This week, the United Brain Association is hugging retired American swimmer, Michael Phelps.  He is the most decorated Olympian of all time, with 28 medals to his name, 23 of them gold. Rather than use his ADHD as a crutch, Michael has credited it as being one of the sources of his success and drive to win.

After a rather bumpy childhood where he found himself teased and getting into mischief, he turned his trouble focusing into athletic triumph. Michael was diagnosed with ADHD in sixth grade, and though he couldn’t sit through class without fidgeting, he could swim for up to three hours at the pool. Through practice and dedication, the pool became Michael’s home.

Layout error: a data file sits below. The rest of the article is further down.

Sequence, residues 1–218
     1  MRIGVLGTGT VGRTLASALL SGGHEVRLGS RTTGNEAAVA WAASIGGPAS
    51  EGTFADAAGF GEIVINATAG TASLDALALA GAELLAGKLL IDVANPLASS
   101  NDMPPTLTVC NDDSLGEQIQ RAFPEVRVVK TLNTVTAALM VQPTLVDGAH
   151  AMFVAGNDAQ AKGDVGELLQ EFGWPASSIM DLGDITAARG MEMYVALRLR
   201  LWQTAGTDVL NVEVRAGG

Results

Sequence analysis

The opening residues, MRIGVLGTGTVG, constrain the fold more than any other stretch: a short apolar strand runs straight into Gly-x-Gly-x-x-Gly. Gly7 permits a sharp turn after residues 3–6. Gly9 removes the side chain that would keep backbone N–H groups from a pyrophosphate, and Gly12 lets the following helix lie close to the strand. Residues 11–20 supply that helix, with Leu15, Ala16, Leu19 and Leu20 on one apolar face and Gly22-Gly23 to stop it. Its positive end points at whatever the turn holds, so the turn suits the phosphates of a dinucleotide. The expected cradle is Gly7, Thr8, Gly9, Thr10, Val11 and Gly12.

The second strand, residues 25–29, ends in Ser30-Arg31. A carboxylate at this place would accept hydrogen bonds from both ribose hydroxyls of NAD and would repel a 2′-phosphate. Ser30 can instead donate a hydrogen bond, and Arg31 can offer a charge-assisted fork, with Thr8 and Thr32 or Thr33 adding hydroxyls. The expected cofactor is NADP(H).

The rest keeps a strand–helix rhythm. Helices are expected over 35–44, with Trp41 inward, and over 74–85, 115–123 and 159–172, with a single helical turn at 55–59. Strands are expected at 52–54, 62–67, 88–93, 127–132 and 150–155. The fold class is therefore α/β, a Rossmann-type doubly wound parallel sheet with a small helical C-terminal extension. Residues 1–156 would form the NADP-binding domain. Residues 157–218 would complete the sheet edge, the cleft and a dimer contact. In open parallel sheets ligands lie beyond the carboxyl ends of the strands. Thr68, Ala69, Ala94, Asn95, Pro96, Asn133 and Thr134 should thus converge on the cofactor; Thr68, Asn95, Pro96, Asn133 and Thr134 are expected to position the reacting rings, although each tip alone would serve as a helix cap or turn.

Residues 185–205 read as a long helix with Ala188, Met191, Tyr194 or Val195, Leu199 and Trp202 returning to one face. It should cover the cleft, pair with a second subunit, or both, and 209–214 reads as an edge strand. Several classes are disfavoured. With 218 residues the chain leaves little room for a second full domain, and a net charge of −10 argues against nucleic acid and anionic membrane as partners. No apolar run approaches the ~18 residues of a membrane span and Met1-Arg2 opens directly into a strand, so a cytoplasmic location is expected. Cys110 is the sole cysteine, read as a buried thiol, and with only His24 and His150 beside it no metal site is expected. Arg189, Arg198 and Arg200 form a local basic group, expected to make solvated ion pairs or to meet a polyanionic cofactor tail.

“Once I figured out how to swim, I felt so free. I could go fast in the pool, it turned out, in part because being in the pool slowed down my mind. In the water, I felt, for the first time, in control.”

By age 10, Phelps was nationally ranked, and in 2000 at age 15, made his Olympic debut.  He has medaled at every summer Olympic games since.

Now retired from swimming, Michael is using his platform and influence to introduce swimming to thousands of children nationwide.  Through the Michael Phelps Foundation, he hopes the pool can be “that place” for kids with ADHD and learning issues.

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